We here at USA TODAY High School Sports love a good-natured debate. Every Wednesday, we'll invite you into our sometimes serious, sometimes light-hearted (but always passionate) takes on various topics that pertain to high school sports, and feature commentary from high school athletes. We invite everyone to sound off in the comments and on Twitter and Facebook. Go ahead, tell us why we're wrong. We'll try not to take it personally.
Last week we asked, "What's the best high school mascot?" This week we tackle something more serious.
QUESTION: DO YOU THINK HIGH SCHOOL COACHES SHOULD BE ALLOWED TO RECRUIT?
Jim Halley, Reporter
Should high school coaches be allowed to recruit? In case no one's noticed, they already are, at private and public high schools. In a release USA Basketball sent out on Tuesday, most of the high school players for their Men's Developmental National Team mini-camp (freshmen and sophomores) didn't live in the same city that they go to high school in.
A quick glance at any list of top recruits will show that many of them, particularly in basketball, are on their second or third high school by the time they reach their senior year. While many of these top athletes transfer on their own, without any encouragement, there's clearly plenty of recruiting to go around. As to the question of whether high school coaches should be recruiting, that depends on what level of recruiting we're talking about. It's one thing to introduce yourself to a player and explain your coaching philsophy and another to help a family facilitate a move to your school district. That's just unseemly and changes coaches from being teachers to touts.
Jason Jordan, Reporter
I do. The reality is that it goes on now anyway and a lot of times it’s the players that reach out to the coaches initially. I’ve seen it so many times and if the players aren’t happy in the their current situations, I think they’ve got the right to leave. I don’t see a problem with a coach following up and selling a kid that wanted to come anyway.
Sarah Gearhart, Reporter
I don't think high school coaches should poach. Competition is more authentic when a team works with what they've got. Recruiting unequalizes the playing field and takes away from an athlete having a pure high school athletic experience, which is increasingly being treated like a business. It's a testament to a coach's own talent if he's able to turn an average athlete into a great one. That's the role of a coach.
Scott Allen, Content Producer
It's a difficult thing to police — and it obviously goes on now — but that's not a good enough reason to allow it. I can understand the argument for why private school coaches should be allowed to recruit athletes, just as the admissions office might recruit students who don't play sports. As Jim mentioned, there are different levels of recruiting. If a family wants to move to a different school district to play for a particular team, that's their prerogative, but I don't think a high school coach should be involved in the process.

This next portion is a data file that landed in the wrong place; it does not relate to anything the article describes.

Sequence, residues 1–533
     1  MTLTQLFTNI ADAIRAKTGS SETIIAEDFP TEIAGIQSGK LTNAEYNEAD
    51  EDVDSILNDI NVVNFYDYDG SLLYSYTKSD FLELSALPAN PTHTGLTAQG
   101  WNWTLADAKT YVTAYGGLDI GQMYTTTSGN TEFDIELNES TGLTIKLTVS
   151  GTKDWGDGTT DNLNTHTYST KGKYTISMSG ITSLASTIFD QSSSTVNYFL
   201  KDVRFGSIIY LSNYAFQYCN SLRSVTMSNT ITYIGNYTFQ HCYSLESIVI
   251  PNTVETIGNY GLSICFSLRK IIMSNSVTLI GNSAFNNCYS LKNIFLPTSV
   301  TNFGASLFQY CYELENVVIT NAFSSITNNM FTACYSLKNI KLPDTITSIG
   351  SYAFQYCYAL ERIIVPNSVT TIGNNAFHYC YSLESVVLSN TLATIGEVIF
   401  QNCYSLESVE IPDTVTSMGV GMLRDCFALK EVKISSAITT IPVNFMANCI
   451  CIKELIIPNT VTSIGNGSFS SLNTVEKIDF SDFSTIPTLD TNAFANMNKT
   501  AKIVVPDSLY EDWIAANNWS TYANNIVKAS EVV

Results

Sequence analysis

David Scott, Content Manager
Heck no! You should play with the kids that are in your area. High school football is becoming so loaded with prep school domination that it’s impossible for a public school to maintain success. If all schools had open enrollment then that would be a different story, but I do not like the idea of coaches “openly” recruiting high schoolers. They're students, after all.
NOW LET'S SEE WHAT A FEW STUDENT-ATHLETES (AND A COACH) HAVE TO SAY…
Jahlil Okafor, Basketball, Class of 2014, Whitney Young (Chicago)
Yeah, to a certain extent. Nothing extreme like college coaches, but I think they should be allowed to talk to eighth graders thinking about high school. But not high school guys that are already in school.
Hallice Cooke, Basketball, Class of 2013, St. Anthony's (Jersey City, N.J.)
I don't think it's necessary for high school coaches to recruit because if your team is good and your program wins and competes, then the talent will come by itself. So I don't think high school coaches should recruit unless they're being paid like a collegiate coach.
JaMauri Bogan, Football, Class of 2014, Union (Union, N.J.)
I believe that kids should get recruited to play high school football because it prepares them for when they make a college decision. What high school you do attend is just as important as your college choice. After being recruited for high school, you will now know what to expect from a college recruiter.
Xavier Rathan-Mayes, Basketball, Class of 2013, Huntington Prep (Huntington, W.Va.)
Yeah, why not. I think it would be a lot more fun. I don’t see anything wrong with that I think that there would be a lot stronger teams out there. I don’t see a problem with it.
Tray Matthews, Football, Class of 2013, Newnan (Newnan, Ga.)
No, not at all. That takes the fun out of it. Stacking teams isn’t fair. It needs to be even. I think the top teams would just blow everybody else out and that’s not really fair.
Isaiah Lewis, Basketball, Class of 2013, Christ the King (Middle Village, N.Y.)
Yeah I don’t see a problem with it. I think it would make things even more competitive.
Caryn Jarocki, Girls Basketball Coach, Highlands Ranch (Colo.)
I think that either everyone should be able to recruit or no one should be able to recruit. [Editor's Note: Jarocki said there shouldn't be a difference between public and private schools in terms of recruiting.] In Colorado, if kids come up to you, you're not supposed to have contact with them. You're supposed to refer them to your athletic director or principal. The best way you can recruit is by having a winning program, not by asking kids to come to your school. Unfortunately, if you have a winning program, other people are likely to make excuses and say that you're winning because you're recruiting.
Tell us in the comments or @USATODAYhss: Should high school coaches be allowed to recruit?